• Luxuries and lifestyle – additional items can be purchased on a user pays basis or in bundled packages as additional service fees.

Step 5 – Structuring finances

Market forces set accommodation costs with prices published on the MyAgedCare website. But if assets and income can be reduced to low enough levels (to become a low-means client) before the move, the Government may subsidise accommodation and regulate how much the resident pays.

In this way, the accommodation cost may be cheaper, but it is not always better. Choice and control may be lost, and residents may be faced with accepting a place in whichever service has a low-means place available, which could even be a shared room.

A homeowner will generally not qualify as low-means unless their spouse (or other protected person) will continue to live in that home.

If potential residents wish to enter under the low-means rules, there are a few pre-planning strategies to reduce assets. One option may be to enter into a granny flat arrangement to transfer ownership of the home to a child in exchange for a life interest to live in the house.

If this transaction occurs within five years before moving into residential care, it could be captured under gifting and deprivation rules (depending on circumstances). Instead of being a solution, it could create more problems. Other legal issues also need to be considered to minimise the family problems that could arise.

Your adviser can review your entire financial situation and provide advice on how to:

  • Make appropriate decisions

  • Structure assets to pay for accommodation and as well as create sufficient cashflow

  • Minimise fees or maximise Centrelink or Veterans' Affairs benefits

Step 6 – Estate planning

Anytime your circumstances change, it is crucial to consider the impact this has on your estate plans. This includes when you move into aged care.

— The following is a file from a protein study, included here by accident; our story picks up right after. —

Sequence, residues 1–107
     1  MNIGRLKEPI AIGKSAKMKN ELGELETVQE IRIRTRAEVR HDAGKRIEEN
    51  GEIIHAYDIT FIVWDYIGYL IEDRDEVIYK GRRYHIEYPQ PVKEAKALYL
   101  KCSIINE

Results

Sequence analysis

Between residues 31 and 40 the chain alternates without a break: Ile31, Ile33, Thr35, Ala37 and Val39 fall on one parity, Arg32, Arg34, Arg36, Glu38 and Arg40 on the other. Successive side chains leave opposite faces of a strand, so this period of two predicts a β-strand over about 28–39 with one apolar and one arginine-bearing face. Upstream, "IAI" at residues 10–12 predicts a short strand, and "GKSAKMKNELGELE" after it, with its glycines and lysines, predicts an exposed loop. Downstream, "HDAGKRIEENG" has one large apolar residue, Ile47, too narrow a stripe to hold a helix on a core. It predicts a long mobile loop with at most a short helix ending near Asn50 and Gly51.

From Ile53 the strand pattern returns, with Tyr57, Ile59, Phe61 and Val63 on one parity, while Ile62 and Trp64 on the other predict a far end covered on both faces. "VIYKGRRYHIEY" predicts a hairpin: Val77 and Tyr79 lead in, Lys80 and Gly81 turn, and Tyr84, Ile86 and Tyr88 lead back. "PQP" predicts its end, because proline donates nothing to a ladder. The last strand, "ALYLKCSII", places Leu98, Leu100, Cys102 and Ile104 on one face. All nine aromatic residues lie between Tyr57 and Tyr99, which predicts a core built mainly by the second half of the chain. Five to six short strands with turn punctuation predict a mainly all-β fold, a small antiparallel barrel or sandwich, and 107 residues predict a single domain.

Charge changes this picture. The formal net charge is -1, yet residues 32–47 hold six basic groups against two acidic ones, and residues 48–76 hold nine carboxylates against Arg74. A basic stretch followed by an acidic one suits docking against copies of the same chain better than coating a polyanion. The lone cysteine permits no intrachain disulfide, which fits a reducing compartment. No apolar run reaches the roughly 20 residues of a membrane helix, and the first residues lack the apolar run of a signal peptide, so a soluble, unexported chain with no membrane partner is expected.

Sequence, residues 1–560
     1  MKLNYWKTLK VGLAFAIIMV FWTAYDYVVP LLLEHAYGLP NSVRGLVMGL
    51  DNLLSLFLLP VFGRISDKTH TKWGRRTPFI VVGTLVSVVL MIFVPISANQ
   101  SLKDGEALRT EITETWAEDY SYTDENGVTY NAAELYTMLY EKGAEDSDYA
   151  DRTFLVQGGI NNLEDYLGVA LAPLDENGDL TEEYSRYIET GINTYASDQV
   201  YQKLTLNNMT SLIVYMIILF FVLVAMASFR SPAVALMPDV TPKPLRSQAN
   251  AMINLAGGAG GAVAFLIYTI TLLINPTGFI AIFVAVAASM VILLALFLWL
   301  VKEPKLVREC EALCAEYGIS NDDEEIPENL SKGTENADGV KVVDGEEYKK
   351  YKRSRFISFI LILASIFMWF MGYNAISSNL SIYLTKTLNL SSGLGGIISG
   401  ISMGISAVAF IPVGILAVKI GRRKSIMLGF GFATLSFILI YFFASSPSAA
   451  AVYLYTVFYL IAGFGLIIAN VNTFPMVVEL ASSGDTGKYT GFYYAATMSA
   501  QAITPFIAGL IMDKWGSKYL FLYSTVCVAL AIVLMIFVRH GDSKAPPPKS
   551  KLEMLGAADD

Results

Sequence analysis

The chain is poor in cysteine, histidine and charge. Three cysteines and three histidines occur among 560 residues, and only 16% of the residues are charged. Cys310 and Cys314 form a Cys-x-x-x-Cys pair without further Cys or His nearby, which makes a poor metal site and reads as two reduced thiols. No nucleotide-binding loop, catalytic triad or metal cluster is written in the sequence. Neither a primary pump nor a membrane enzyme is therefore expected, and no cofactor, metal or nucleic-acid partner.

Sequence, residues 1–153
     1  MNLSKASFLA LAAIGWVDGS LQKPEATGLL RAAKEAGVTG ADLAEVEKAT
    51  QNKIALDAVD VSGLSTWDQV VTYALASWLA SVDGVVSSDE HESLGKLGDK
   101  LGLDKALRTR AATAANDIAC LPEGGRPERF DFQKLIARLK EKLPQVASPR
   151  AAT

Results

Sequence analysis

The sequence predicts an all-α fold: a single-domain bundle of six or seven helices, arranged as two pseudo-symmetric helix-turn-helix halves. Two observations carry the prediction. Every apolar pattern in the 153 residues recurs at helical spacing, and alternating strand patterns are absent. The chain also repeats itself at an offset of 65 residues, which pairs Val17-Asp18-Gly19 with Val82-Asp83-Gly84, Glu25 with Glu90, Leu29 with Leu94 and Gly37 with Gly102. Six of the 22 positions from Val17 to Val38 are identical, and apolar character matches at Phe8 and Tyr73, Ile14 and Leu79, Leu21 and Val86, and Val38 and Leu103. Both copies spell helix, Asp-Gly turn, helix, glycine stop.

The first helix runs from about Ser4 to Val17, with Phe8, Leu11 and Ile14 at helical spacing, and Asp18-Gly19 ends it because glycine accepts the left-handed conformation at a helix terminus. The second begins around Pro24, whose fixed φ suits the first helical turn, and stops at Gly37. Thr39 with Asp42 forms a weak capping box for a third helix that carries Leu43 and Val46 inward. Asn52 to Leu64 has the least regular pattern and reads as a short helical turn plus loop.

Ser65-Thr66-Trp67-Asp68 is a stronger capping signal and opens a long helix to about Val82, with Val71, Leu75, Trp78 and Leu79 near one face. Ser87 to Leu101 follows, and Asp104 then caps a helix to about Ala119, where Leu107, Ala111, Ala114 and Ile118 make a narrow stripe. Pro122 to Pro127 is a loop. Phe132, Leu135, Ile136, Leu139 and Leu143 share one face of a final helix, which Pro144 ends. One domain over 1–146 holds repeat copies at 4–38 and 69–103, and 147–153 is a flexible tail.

We recommend speaking to your solicitor about the ability to review and redraft your will to reflect your wishes. As dementia is a leading factor behind the need for care services, the client will likely need to delegate financial decisions to someone else when the time comes.

This is easier if an enduring power of attorney (and guardianship) is in place. So it is vital to have the appropriate powers in place before a person has lost legal capacity. Once capacity has been lost, it will be too late to set up the powers, and a trip to the Guardianship Tribunal will be needed.

Headshot of Bill Savellis

Bill Savellis

Senior Financial Adviser

Having navigated the Aged Care landscape for both of his parents, Bill understands how challenging it can be to make the right decisions for your future care needs. That's why he believes that everyone should have access to financial advice during this time. Bill has been a Financial Adviser for over 22 years, and is passionate about helping others access the financial advice they need. Drawing from his own experience in the financial sector, Bill develops strategic, personalised plans to support transitions to Aged Care or Home Care.


Disclaimer: Prepared without taking into account your objectives, financial situation or needs. Before acting on any information in this article, Olive Grove Financial Advice recommends that you consider whether it is appropriate for your circumstances. Information in this article was correct and current as of 22 February 2022. Olive Grove Financial Advice is operated by Bill Savellis through The Financial Advisor (Australia) Pty Ltd ABN 72 619 546 431, who is a Corporate Authorised Representative (No. 1278394) of Havana Financial Services Pty Ltd.